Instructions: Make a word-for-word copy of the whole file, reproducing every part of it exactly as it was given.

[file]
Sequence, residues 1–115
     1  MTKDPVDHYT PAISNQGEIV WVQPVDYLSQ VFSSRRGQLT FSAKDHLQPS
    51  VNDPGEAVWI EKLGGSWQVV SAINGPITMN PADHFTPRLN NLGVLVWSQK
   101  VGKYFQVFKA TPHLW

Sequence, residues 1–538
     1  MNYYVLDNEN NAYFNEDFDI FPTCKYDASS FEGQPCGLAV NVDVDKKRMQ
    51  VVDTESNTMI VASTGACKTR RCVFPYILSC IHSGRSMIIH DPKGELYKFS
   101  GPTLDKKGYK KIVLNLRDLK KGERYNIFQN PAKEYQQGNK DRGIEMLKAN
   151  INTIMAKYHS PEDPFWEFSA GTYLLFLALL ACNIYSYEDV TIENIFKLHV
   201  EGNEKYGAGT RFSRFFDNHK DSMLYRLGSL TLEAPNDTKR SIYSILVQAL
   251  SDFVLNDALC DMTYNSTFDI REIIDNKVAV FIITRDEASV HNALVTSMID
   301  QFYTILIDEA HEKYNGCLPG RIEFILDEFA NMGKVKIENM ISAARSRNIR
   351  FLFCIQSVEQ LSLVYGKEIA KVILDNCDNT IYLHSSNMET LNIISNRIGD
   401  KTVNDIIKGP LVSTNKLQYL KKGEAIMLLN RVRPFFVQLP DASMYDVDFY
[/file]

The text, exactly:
Sequence, residues 1–115
     1  MTKDPVDHYT PAISNQGEIV WVQPVDYLSQ VFSSRRGQLT FSAKDHLQPS
    51  VNDPGEAVWI EKLGGSWQVV SAINGPITMN PADHFTPRLN NLGVLVWSQK
   101  VGKYFQVFKA TPHLW

Sequence, residues 1–538
     1  MNYYVLDNEN NAYFNEDFDI FPTCKYDASS FEGQPCGLAV NVDVDKKRMQ
    51  VVDTESNTMI VASTGACKTR RCVFPYILSC IHSGRSMIIH DPKGELYKFS
   101  GPTLDKKGYK KIVLNLRDLK KGERYNIFQN PAKEYQQGNK DRGIEMLKAN
   151  INTIMAKYHS PEDPFWEFSA GTYLLFLALL ACNIYSYEDV TIENIFKLHV
   201  EGNEKYGAGT RFSRFFDNHK DSMLYRLGSL TLEAPNDTKR SIYSILVQAL
   251  SDFVLNDALC DMTYNSTFDI REIIDNKVAV FIITRDEASV HNALVTSMID
   301  QFYTILIDEA HEKYNGCLPG RIEFILDEFA NMGKVKIENM ISAARSRNIR
   351  FLFCIQSVEQ LSLVYGKEIA KVILDNCDNT IYLHSSNMET LNIISNRIGD
   401  KTVNDIIKGP LVSTNKLQYL KKGEAIMLLN RVRPFFVQLP DASMYDVDFY